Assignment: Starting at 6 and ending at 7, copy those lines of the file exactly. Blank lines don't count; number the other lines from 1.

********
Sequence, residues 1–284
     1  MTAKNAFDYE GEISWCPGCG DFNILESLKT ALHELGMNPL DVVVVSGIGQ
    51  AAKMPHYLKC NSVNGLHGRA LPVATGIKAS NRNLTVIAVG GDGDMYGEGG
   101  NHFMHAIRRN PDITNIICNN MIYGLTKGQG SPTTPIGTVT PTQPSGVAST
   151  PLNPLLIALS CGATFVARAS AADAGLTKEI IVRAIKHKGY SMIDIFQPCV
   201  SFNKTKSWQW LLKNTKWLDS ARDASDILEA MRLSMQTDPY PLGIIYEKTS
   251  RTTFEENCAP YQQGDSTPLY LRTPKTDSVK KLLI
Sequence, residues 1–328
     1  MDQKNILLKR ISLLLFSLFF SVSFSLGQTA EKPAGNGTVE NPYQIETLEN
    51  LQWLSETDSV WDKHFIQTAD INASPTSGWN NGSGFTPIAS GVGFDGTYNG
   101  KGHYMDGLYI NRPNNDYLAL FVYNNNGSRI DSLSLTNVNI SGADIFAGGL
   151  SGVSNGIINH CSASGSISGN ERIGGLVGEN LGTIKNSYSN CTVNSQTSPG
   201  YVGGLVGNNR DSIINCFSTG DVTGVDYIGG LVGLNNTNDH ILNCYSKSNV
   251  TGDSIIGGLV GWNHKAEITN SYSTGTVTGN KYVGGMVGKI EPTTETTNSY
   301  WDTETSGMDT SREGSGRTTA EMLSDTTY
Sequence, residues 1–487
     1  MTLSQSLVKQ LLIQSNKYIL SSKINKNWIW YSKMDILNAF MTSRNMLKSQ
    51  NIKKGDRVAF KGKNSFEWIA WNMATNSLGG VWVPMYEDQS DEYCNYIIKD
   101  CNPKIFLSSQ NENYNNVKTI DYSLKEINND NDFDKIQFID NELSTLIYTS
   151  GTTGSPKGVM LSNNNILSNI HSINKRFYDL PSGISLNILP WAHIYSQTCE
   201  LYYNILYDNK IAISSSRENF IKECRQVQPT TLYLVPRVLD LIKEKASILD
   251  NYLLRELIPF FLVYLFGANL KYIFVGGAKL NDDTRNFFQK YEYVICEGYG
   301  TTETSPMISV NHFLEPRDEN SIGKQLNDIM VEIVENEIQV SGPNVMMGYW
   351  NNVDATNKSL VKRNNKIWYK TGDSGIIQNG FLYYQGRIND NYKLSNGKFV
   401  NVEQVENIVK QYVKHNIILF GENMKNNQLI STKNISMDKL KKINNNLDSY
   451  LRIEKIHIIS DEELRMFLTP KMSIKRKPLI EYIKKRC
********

   201  SFNKTKSWQW LLKNTKWLDS ARDASDILEA MRLSMQTDPY PLGIIYEKTS
   251  RTTFEENCAP YQQGDSTPLY LRTPKTDSVK KLLI